Jean-Michel Cousteau on the Gulf oil spill, herbivore fish and the primacy of plankton.
Thursday, August 19, 2010
Note to readers: This is a longer version of the interview that appeared in the Weekly's print edition.
A quarter-century ago, legendary ocean explorer Jacques Cousteau traveled the Amazon River with his son, Jean-Michel, to document the ecosystem’s rich and threatened diversity of life.
On the year that would have marked Jacques’ 100th birthday, Jean-Michel, the award-winning producer of more than 80 films, from 1968’s The Undersea World of Jacques Cousteau to the 2006 documentary series Jean-Michel Cousteau: Ocean Adventures, carries on his late father’s legacy.
In 1999 he founded the nonprofit Ocean Futures Society (www.oceanfutures.org), promoting marine conservation and education on the myriad interconnections between humanity and the sea.
Now in his early 70s, Jean-Michel is still exploring the depths of the ocean’s mysteries. The Weekly spoke with him by phone soon after his return from the Gulf of Mexico, where his crew is filming the destruction wrought by the Deepwater Horizon oil spill. He’ll be in Monterey Bay for the BLUE Ocean Film Festival, which runs Aug. 24-29.
WEEKLY: What did you observe in the Gulf?
COUSTEAU: There was oil all over the place and a new spill coming out of a pipeline which had been run into by a tugboat. That thing was gushing about 200 feet in the air, spraying oil all over the marshland. At some point they put booms around it to try to collect the oil, but it sprays up in the air with the wind and goes all over the place. Basically nobody was doing anything about it. In the last month our team has been there, there have been at least two other leaks like that, which are mostly accidental – because the [drilling] equipment is getting very old and rusted and falling apart.
And the media in particular walks away because we were told the spill is capped. Well, what’s going to happen for decades for the environment? We’re told that 70 percent of the oil has been contained or dissolved in the Gulf because of those dispersant chemicals that are not legal in Europe. What about the food chain? What about the little fish that are eaten by the whales and the dolphins? What’s happening to the crabs, the shrimps, the birds, the marshland itself? The New York Times was [reporting] that everything’s fine now, it’s under control. It’s not under control.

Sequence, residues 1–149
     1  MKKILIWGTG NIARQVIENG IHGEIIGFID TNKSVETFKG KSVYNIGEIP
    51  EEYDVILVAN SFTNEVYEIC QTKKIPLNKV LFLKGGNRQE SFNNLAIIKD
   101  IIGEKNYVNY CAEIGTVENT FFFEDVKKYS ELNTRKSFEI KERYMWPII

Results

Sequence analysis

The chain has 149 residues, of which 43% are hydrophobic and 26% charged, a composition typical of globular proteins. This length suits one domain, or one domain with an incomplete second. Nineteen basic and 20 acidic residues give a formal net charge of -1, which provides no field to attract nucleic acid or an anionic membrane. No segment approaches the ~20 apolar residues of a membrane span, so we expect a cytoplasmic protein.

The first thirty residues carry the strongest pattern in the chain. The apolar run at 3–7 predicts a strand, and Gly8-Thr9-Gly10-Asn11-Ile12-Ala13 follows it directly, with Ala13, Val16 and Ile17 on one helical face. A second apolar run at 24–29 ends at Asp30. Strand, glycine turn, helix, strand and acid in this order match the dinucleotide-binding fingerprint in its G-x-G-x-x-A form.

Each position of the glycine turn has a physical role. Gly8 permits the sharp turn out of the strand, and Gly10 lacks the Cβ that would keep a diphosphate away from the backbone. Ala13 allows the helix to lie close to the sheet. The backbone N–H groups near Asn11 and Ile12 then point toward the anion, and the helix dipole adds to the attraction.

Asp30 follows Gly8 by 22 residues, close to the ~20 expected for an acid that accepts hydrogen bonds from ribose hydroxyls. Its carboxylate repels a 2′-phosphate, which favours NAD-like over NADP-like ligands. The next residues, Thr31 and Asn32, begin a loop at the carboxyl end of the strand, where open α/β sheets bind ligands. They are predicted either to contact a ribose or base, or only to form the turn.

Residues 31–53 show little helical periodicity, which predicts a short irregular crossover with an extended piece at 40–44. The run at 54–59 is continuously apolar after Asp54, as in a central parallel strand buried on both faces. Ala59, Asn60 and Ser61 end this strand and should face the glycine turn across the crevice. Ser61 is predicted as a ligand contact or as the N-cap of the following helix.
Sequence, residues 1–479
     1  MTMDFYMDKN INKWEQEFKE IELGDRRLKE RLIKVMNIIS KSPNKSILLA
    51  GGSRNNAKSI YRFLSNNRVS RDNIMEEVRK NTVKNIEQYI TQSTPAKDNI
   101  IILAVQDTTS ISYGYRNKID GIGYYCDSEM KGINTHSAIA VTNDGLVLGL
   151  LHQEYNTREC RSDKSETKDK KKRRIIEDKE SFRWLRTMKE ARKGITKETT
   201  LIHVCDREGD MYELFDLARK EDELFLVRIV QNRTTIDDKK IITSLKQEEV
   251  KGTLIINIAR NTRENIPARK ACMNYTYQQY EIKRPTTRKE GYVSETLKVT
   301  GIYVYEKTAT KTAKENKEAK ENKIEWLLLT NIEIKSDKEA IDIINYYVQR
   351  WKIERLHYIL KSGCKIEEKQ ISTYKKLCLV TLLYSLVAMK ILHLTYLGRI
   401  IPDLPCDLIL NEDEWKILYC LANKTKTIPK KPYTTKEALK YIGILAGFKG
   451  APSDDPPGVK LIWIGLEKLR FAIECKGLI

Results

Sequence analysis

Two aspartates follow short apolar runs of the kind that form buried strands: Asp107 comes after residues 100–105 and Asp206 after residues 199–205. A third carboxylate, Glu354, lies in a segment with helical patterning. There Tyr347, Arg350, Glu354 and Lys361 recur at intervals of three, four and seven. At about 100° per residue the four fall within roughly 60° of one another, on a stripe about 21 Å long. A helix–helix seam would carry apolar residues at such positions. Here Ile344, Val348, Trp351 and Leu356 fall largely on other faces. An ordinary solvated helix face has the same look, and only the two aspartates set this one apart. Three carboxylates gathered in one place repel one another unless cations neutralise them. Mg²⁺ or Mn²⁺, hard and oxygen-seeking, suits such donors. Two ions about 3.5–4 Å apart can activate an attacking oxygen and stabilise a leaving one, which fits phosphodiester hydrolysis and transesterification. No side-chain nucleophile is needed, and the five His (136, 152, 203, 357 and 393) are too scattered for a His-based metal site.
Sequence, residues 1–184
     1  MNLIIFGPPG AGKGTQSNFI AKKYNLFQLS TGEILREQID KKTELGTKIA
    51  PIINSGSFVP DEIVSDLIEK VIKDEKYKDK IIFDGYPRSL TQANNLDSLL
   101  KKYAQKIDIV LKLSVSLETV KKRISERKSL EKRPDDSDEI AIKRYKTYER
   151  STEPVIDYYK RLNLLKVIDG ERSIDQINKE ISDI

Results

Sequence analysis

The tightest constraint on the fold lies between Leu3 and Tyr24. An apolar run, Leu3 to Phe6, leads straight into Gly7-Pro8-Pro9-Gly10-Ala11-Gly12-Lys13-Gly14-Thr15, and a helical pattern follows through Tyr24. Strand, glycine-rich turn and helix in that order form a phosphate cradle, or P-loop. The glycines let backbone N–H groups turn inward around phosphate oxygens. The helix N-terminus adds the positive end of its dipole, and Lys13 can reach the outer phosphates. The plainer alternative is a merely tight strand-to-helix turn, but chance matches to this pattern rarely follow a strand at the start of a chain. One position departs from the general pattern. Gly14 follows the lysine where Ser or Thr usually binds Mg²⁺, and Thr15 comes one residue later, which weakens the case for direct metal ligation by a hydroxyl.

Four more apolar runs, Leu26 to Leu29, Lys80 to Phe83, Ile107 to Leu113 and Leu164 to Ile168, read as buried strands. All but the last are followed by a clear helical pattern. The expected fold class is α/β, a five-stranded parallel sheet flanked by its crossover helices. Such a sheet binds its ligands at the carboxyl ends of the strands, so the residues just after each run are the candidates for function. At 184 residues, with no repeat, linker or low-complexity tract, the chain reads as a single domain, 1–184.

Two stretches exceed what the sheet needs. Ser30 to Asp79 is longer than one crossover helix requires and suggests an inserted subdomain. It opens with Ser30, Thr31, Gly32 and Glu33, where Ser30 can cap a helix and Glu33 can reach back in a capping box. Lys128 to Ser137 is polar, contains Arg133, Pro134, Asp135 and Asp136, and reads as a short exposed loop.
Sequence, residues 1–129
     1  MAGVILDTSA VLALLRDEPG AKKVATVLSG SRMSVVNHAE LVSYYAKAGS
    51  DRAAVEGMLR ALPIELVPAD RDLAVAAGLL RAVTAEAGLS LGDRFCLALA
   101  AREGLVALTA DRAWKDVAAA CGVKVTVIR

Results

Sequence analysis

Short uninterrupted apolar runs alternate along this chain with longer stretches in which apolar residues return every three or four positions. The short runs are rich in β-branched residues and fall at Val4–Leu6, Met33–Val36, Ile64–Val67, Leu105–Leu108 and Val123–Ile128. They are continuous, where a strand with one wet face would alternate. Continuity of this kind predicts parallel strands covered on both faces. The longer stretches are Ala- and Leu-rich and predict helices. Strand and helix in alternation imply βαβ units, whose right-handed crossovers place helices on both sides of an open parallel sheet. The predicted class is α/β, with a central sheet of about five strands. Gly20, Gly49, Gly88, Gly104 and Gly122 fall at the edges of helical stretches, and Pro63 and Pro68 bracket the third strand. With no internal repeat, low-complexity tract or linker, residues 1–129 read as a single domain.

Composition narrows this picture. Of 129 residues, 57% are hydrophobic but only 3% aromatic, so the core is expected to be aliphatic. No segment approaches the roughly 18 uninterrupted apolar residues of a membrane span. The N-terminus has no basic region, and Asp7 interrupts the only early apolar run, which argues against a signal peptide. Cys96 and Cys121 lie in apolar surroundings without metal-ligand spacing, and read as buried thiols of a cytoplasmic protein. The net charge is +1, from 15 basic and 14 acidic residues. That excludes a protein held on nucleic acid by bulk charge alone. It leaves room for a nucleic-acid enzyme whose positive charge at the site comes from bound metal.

Here in Monterey Bay we have strong ocean protections, but we’re still seeing the impacts of human activities. Tell me about your connection to this area.
My connection goes way back. We’ve been there many times because of the different television programs I’ve done in the 40 years I’ve been based in the U.S. We did a two-hour special on the American underwater treasures which are the National Marine Sanctuary system, and of course Monterey Bay is one. I’ve always been a very strong supporter of the Monterey Bay Aquarium, which to me is symbolic of what can be done in other parts of the world without having to jail dolphins and whales and marine mammals that have not been maimed by our poor management. I think that's a perfect example of what we can do to help people understand.
Your 2006 documentary on the North Hawaiian Islands, Voyage to Kure, inspired President George W. Bush to declare that island chain a 1,200-mile national monument. How do you hope to inspire President Obama?
The president is facing some major issues, some inherited from the previous administration. The economy is a primary concern, obviously. But when it comes to the marine environment – or, I should say, the water environment, because there’s only one water system – education is critical, in order to allow decision-makers to know what the priorities are. We’re not here to point fingers. We’re here to help. Ocean Futures has always been doing that; my father used to do that. We provide information. We sit down with decision-makers, like I did with President Bush, and try to reach an understanding.